# Where can I find a table for NIST standards on temperature and pressure?

The Wikipedia article Standard conditions for temperature and pressure notes that IUPAC and NIST are two of the most common standards for temperature and pressure in use.

Even if I could have gotten my hands on the IUPAC standards, I wouldn't have wanted to use them as the standard temperature according to IUPAC is 0 °C. For my present work, which is related to fluid dynamics, NIST standards seem to be useful.

However I couldn't find any solid reference where I could get the related data. The reference listed on wikipedia are weak. NIST's own website is very difficult to navigate. Is there a place where I can find NIST published values for standard temperature and pressure? I am not asking for just the values for temperature and pressure, which if I were to trust most sources, are 293.15 K and 101.325 kPa respectively. But how about the value of density of air at that T&P? What about dynamic viscosity?

The problems created by this inaccessibility of data are so rampant that the aforementioned Wikipedia article includes the following quote (2015 March 25 Wed 2243 hrs):

However, many technical publications (books, journals, advertisements for equipment and machinery) simply state "standard conditions" without specifying them, often leading to confusion and errors. Good practice is to always incorporate the reference conditions of temperature and pressure.

The changes in these quantities (and perhaps in other related quantities), for small changes in both temperature and pressure, are a few percentage points at worst. That's assuming a typical lab setting. However, a great amount of noise could have been eliminated had NIST simply published this data (and made it accessible).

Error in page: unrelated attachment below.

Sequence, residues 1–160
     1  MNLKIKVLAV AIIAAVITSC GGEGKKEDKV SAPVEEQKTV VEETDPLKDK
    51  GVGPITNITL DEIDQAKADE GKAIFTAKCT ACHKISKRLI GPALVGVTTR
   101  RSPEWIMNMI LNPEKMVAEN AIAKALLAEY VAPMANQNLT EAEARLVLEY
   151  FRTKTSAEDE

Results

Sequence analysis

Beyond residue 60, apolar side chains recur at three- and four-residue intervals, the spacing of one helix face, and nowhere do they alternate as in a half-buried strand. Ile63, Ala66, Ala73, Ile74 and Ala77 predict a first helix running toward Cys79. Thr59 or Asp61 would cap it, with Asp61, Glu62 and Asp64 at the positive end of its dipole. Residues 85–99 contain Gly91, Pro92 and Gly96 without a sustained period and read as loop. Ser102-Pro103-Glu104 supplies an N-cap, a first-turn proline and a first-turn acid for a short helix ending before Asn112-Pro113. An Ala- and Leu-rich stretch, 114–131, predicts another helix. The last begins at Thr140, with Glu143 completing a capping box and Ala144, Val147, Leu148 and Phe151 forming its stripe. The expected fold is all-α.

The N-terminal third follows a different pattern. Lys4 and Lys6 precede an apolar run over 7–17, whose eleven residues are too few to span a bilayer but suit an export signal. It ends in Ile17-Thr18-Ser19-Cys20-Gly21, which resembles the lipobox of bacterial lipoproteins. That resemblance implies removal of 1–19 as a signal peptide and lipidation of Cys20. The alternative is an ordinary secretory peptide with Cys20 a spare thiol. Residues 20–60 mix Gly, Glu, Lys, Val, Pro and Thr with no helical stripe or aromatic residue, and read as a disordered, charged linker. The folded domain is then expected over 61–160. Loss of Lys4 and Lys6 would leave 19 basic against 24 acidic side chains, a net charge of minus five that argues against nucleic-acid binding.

• Did you try the NIST website?
– hft
Mar 26, 2015 at 6:17
• Yes I did. I couldn't find it. I also tried googling nist standard atmospheric pressure and temperature but none of the results are directly relevant. They have partial answers of my questions. I need one place where everything is listed. Mar 26, 2015 at 6:20
• webbook.nist.gov/chemistry Mar 26, 2015 at 15:36
• @pentane That's a really good link. I got to webbook.nist.gov/chemistry/fluid from there. I think my question could have been wrong — though it surprises me a bit. Dry air is not listed as one of the species. Perhaps there isn't an agreed upon standard for the composition of dry air. Which is kind of a bummer as a standard for the same is badly needed. And I don't suppose it's all that difficult to arrive at one. Typical constituents are more or less constant and publishing the results for a laundry list of experiments should be easy from thereon. Mar 26, 2015 at 17:15
• I cannot find a clear definition of "normal temperature and pressure" (NTP) at NIST either. The closes I've come is this article. Furthermore, a google search such as this yields confusing documents that imply that NTP corresponds to a temperature of 21 degC instead of 20 degC. Aug 15, 2016 at 20:21

This is a good question. Wikipedia says the NIST standard is $20^\circ {\rm C}$ and $1\,{\rm atm}$, but the WebBook guide does not define standard conditions. The guide does say "Unless stated otherwise, all data are for reactions occurring at $298\,{\rm K}$," which is $25^\circ{\rm C}$.

Modern Thermodynamics with Statistical Mechanics by Carl S. Helrich says the NIST standard in $25^\circ{\rm C}$ and $1\,{\rm bar}$.

One other thing. The NIST Chemistry WebBook references their enthalpy data to $25^\circ{\rm C}$. That is, if you use the Shomate coefficients to calculate the the enthalpy as a function of temperature, the equation gives $H(T) - H(298.15\,{\rm K})$.

• Took the liberty of editing your formatting a little bit, you can click 'edit' to see what I did, if you like. Mar 2, 2017 at 1:20

I found another reference. The documentation for the JANAF tables states that the standard state is 25 C and 1 bar. (http://kinetics.nist.gov/janaf/pdf/JANAF-FourthEd-1998-1Vol1-Intro.pdf)

I'm walking down this same path and found a reference for the 20C as the Normal Temperature (Doiron 2007). I have, thus far, been unable to find a similar reference to Normal Pressure.

Doiron, Theodore D. 2007. “20°C—A Short History of the Standard Reference Temperature for Industrial Dimensional Measurements.” Journal of Research of the National Institute of Standards and Technology 112 (1): 1–23.

https://nvlpubs.nist.gov/nistpubs/jres/83/jresv83n5p419_A1b.pdf

Page 426: "standard conditions are taken to be To = 273.15K, Po = 101325 Pa"

• The full sentence actually is "If standard conditions are taken to be [...]". Feb 4, 2021 at 10:13